Takeout Jarbecue -- Do It Yourself Goodness

"Takeout" jarbecue
This is a crisis HowChow style: You want a jarbecue, but you need to pick up the kid so you can't take time to eat in at Kloby's Smokehouse.

The "jarbecue" -- as we have already covered -- is a Kloby's creation where they layer pulled pork, coleslaw and baked beans in a Mason jar.  Great flavors.  Great fun.

The crisis was faced by the '34 Act Gourmet, who didn't want to take out a jarbecue because he figured it would be just a mess into a styrofoam clamshell by the time that he got his terrible toddler home from daycare and under control.

So he went DIY jarbacue.  He ordered the two-meat platter with all pulled pork.  He got the coleslaw and the beans as sides.  He layered them up at home.  The verdict:  Success.  The hot stayed hot.  The cold stayed cold.  Until, that is, he filled his own mason jar and then enjoyed a little Kloby's inspiration at home.

Tuesday, February 5, 2013

Mini Sweet Peppers At Wegmans: My Secret Healthy Treat (And Then There Are Sliders)

Mini Sweet Peppers
One of my great Wegmans finds has been bags of tiny sweet peppers -- three-inch-long treats in the form of yellow, red and orange peppers.

They're tiny.  They're delicious.  They're useful in a thousand ways.  I cut them into omelets last night.  I sliced them to dip in hummus.  I have just through a handful in a bag as part of packing a last-minute lunch.

And that's one bag.  You pay $6 for a two-pound bag, but that's fine when they're so sweet and where they last weeks in my fridge.  They become convenience food.  Eggs, feta cheese, an onion, and the peppers were dinner on a night when I thought that I had no food in the house.  One dinner that I didn't expect makes them worth grabbing every time.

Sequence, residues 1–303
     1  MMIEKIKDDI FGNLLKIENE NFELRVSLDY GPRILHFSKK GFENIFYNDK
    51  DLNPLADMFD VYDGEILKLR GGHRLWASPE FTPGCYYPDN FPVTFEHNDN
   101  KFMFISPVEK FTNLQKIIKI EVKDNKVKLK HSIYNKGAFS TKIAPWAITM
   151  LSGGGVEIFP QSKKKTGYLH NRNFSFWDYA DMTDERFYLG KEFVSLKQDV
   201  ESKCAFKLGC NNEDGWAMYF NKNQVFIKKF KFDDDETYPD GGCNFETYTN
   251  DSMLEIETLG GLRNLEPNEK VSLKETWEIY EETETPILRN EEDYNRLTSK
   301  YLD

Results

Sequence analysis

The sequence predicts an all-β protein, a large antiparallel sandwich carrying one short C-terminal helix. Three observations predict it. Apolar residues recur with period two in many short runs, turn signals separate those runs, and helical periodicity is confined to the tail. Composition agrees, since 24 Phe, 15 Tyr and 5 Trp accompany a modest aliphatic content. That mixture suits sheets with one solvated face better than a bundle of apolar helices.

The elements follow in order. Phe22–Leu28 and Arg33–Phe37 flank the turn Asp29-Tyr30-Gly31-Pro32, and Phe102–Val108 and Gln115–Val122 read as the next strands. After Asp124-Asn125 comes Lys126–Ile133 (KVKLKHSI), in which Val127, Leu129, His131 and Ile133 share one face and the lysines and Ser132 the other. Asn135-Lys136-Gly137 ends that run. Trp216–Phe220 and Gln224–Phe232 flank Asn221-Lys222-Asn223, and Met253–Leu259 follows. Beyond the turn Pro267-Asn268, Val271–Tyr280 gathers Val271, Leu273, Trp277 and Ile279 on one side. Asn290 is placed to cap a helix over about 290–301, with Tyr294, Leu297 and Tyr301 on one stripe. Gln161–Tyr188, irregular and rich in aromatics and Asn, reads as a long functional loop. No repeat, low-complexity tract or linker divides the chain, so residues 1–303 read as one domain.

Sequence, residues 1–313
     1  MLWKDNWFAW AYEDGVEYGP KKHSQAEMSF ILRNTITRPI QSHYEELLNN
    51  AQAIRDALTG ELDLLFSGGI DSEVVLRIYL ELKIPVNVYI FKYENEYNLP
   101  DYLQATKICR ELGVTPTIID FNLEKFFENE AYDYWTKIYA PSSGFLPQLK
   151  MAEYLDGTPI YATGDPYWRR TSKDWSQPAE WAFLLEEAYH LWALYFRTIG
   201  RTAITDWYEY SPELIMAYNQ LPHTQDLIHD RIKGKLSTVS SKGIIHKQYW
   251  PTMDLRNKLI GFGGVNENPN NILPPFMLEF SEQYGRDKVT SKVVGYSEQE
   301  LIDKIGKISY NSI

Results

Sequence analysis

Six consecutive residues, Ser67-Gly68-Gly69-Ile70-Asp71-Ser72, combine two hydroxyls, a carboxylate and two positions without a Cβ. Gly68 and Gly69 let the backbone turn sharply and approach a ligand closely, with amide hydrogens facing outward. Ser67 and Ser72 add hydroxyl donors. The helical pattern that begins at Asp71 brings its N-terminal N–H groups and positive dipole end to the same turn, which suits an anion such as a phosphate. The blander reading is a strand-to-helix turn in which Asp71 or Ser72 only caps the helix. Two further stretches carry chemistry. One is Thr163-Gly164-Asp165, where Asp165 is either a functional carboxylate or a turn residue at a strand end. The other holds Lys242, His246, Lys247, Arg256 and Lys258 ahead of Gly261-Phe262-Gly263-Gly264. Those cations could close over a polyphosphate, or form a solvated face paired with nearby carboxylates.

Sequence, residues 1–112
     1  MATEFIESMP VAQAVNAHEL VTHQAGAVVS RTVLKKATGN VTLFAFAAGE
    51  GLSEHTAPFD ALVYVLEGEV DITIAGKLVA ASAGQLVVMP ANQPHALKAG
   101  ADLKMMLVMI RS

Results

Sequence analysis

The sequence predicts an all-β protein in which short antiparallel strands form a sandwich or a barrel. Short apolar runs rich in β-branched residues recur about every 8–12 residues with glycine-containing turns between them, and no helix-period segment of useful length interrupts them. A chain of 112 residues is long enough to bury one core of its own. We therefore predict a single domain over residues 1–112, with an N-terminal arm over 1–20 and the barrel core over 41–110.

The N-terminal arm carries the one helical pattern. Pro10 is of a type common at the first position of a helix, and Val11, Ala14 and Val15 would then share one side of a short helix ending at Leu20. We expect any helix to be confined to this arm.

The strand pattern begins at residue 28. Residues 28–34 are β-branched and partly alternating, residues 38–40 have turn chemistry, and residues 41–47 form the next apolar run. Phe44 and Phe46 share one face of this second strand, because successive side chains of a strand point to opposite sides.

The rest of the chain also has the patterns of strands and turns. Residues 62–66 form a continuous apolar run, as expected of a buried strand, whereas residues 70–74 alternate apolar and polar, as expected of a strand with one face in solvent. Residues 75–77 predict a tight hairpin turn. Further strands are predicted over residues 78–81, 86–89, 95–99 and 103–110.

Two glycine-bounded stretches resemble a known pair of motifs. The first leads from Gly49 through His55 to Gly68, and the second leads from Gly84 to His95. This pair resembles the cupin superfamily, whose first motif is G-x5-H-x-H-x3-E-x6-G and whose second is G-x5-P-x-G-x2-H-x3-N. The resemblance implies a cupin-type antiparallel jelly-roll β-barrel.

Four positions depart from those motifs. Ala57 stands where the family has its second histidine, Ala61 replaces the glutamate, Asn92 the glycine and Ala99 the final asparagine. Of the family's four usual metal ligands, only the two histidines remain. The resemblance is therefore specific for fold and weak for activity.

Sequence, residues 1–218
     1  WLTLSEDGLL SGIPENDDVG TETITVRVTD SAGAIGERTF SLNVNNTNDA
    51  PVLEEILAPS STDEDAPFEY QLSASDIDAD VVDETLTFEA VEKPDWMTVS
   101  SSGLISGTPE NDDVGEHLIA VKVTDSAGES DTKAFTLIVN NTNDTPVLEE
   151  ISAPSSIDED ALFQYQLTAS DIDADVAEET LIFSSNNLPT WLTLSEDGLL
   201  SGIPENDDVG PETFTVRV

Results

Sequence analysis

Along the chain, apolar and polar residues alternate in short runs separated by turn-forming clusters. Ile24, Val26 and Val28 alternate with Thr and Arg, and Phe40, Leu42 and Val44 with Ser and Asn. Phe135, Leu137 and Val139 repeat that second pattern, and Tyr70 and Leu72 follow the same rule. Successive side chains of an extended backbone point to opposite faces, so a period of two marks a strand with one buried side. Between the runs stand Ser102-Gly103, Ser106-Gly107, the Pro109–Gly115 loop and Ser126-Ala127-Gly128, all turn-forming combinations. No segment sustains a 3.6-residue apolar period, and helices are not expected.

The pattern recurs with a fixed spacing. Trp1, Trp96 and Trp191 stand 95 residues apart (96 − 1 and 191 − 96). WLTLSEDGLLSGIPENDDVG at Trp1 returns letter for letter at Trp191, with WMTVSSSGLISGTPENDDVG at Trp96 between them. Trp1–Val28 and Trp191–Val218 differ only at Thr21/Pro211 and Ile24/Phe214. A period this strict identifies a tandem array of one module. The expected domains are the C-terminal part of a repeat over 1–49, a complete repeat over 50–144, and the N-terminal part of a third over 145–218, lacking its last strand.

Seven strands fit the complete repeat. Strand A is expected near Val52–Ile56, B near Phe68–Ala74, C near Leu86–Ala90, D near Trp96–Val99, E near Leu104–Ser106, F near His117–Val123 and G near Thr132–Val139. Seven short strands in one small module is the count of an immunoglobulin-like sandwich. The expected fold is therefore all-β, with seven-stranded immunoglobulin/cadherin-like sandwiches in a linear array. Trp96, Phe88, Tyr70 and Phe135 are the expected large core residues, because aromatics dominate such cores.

Sliders on Wegmans rolls
To me, this is one of the great innovations of Wegmans.  The produce is so good that we just eat more.  It's easy.  It's versatile.  It's really unique because the small peppers are so beautiful, even just sliced and seeded.  They're definitely worth checking out.

And, if you're looking small, get more of those Wegmans' rolls.  I started with the pretzel rolls.  Now, we keep four to six frozen at any time.  Grab ground chuck from Laurel Meat Market (or even ask for the firecracker mix), and you can make great wintertime sliders.  Grill or just use a cast iron pan.  Either way, the plain rolls are sized perfectly for little burgers.

Monday, February 4, 2013

Winter Baker's Market Coming Sundays

The Little French Market in downtown Ellicott City is hosting an event Sundays into March showcasing breads and pizzas by a new mobile baking company.

Nathan Sowers has started a new business called River House Pizza that's a mobile wood-fired pizza company.  Sowers appears to be a former baker at Tersiguel's, and the Little French Market is hosting a "Winter Baker Market" where they'll have their own muffins and pastries to go with Sowers' breads and pizzas.

Start up from 11 am to 3 pm Sundays -- starting February 10 and running through March 24.  For more information, check out the Facebook page.  Hat tip to Hoco Food on Facebook.